In statistics, **deciles** are numbers that split a dataset into ten groups of equal frequency.

The first decile is the point where 10% of all data values lie below it. The second decile is the point where 20% of all data values lie below it, and so forth.

We can use the following function to calculate the deciles for a dataset in Excel:

=PERCENTILE(CELL RANGE, PERCENTILE)

The following example shows how to use this function in practice.

**Example: Calculate Deciles in Excel**

Suppose we have the following dataset with 20 values:

The following image shows how to calculate the deciles for the dataset:

The way to interpret the deciles is as follows:

- 20% of all data values lie below
**67.8**. - 30% of all data values lie below
**76.5**. - 40% of all data values lie below
**83.6**.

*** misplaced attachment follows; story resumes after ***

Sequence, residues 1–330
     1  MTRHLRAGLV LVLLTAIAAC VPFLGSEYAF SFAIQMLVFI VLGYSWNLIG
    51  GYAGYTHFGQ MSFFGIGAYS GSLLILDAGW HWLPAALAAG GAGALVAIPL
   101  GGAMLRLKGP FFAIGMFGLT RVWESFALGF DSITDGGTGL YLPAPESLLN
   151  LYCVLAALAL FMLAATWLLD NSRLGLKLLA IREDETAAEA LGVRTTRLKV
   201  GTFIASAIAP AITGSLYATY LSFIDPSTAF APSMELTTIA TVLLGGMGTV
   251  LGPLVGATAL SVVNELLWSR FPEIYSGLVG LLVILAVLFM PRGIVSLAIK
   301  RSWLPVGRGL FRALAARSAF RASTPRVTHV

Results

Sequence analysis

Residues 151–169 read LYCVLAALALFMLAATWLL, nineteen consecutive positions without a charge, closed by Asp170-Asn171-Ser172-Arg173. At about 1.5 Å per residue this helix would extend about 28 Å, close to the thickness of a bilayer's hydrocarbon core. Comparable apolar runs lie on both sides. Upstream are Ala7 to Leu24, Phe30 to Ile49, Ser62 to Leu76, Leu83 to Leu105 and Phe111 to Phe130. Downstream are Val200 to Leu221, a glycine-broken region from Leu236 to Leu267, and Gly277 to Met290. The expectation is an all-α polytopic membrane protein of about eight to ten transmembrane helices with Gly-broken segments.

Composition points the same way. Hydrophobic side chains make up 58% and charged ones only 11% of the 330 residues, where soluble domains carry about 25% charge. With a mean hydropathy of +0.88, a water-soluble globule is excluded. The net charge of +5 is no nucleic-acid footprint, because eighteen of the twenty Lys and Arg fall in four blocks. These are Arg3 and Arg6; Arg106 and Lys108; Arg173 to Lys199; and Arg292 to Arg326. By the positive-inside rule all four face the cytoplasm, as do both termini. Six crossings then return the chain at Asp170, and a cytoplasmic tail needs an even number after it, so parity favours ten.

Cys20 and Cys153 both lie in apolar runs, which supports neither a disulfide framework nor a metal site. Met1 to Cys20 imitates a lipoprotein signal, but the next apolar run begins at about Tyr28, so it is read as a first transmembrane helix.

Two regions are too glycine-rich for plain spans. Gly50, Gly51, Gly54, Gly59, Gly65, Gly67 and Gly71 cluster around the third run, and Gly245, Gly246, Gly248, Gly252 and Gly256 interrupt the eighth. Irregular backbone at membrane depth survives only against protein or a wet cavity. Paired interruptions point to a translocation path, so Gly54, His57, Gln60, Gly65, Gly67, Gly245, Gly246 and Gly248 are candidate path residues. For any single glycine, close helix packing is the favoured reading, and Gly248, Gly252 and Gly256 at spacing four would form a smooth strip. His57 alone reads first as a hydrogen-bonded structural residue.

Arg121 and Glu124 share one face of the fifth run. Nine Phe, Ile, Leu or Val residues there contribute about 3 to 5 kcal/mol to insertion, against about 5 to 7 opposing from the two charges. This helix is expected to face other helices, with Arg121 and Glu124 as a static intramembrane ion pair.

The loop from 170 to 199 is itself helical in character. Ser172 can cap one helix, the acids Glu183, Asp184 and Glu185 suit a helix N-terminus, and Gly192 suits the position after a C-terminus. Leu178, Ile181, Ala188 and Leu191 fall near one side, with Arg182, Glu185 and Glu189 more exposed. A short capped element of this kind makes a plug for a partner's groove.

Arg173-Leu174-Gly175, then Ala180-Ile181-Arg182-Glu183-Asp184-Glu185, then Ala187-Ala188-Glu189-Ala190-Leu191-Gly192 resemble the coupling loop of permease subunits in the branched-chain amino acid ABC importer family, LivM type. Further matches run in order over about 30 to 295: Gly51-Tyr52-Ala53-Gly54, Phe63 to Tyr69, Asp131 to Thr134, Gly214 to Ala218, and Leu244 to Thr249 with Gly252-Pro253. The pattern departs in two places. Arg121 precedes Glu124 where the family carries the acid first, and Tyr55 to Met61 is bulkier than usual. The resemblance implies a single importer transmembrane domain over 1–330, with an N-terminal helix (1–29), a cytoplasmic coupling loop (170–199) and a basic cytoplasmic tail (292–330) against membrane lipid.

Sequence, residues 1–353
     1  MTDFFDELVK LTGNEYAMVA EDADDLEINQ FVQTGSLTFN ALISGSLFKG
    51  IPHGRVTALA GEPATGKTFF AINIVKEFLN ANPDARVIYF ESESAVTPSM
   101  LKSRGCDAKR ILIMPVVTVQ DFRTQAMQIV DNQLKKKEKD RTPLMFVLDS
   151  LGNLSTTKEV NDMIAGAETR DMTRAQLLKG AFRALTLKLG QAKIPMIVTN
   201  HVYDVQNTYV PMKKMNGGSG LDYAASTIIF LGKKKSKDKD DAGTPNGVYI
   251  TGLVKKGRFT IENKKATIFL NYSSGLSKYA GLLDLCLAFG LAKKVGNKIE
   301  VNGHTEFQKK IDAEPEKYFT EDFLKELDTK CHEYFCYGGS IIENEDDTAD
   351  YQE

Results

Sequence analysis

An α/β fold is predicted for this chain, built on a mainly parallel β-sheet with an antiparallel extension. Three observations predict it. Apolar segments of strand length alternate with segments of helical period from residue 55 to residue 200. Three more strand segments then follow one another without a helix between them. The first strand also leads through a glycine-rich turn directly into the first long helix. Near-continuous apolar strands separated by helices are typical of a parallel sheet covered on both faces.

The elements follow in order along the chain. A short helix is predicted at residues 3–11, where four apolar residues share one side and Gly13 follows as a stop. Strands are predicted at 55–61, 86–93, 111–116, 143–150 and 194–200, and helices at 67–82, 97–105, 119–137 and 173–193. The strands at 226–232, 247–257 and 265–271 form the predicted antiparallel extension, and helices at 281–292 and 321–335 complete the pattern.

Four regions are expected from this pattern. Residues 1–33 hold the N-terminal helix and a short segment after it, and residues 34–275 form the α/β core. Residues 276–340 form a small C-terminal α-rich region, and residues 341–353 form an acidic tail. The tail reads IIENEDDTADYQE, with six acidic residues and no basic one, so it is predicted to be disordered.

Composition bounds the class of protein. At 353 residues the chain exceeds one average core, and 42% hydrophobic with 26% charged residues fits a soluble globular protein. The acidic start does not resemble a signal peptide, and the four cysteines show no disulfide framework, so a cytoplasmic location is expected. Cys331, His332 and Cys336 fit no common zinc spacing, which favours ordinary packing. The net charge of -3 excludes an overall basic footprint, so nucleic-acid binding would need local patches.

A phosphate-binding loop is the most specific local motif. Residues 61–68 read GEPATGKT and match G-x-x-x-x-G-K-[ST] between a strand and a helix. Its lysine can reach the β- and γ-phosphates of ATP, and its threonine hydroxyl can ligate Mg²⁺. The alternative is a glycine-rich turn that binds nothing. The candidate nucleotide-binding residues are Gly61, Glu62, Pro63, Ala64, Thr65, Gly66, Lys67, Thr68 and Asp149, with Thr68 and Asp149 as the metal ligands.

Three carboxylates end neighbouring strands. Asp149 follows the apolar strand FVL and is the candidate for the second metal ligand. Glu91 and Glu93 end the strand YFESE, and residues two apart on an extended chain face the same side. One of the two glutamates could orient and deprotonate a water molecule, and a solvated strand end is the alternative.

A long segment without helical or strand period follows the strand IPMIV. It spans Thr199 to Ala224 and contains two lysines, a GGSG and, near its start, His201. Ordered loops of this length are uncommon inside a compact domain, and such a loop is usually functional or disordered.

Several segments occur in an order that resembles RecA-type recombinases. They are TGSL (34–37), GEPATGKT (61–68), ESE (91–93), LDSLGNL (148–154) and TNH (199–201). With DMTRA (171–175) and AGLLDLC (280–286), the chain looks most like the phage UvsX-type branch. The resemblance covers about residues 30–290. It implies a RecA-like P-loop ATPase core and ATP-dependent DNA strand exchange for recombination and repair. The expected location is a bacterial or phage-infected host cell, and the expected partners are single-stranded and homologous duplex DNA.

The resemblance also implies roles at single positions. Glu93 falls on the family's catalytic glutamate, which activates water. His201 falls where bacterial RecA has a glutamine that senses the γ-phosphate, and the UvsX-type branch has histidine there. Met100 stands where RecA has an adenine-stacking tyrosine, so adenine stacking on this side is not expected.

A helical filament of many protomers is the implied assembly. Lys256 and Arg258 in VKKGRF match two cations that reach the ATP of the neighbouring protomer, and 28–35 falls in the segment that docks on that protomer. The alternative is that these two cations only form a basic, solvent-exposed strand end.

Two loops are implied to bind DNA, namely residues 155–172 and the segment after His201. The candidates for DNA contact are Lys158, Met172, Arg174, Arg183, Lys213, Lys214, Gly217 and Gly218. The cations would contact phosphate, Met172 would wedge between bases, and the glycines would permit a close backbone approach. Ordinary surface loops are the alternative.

And so on.

To place each data value into a decile, we can use the **PERCENTRANK.EXC()** function, which uses the following syntax:

=PERCENTRANK.EXC(CELL RANGE, DATA VALUE, SIGNIFICANCE)

The following image shows how to use this function for our dataset:

Note that this function finds the relative rank of a value in a dataset as a percentage and rounds to one digit, which is equivalent to finding the decile that the value falls in.

The way to interpret the output is as follows:

- The data value 58 falls between the percentile 0 and 0.1, thus it falls in the first decile.
- The data value 64 falls between the percentile 0.1 and 0.2, thus it falls in the second decile.
- The data value 67 falls between the percentile 0.1 and 0.2, thus it falls in the second decile.
- The data value 68 falls between the percentile 0.2 and 0.3, thus it falls in the third decile.

And so on.

**Additional Resources**

How to Calculate a Five Number Summary in Excel

How to Normalize Data in Excel

How to Easily Find Outliers in Excel

Hey,

I’ve followed this formula to calculate the deciles of a dataset, but some zero’s have been returned. Can you have a 0th percentile?

Thanks!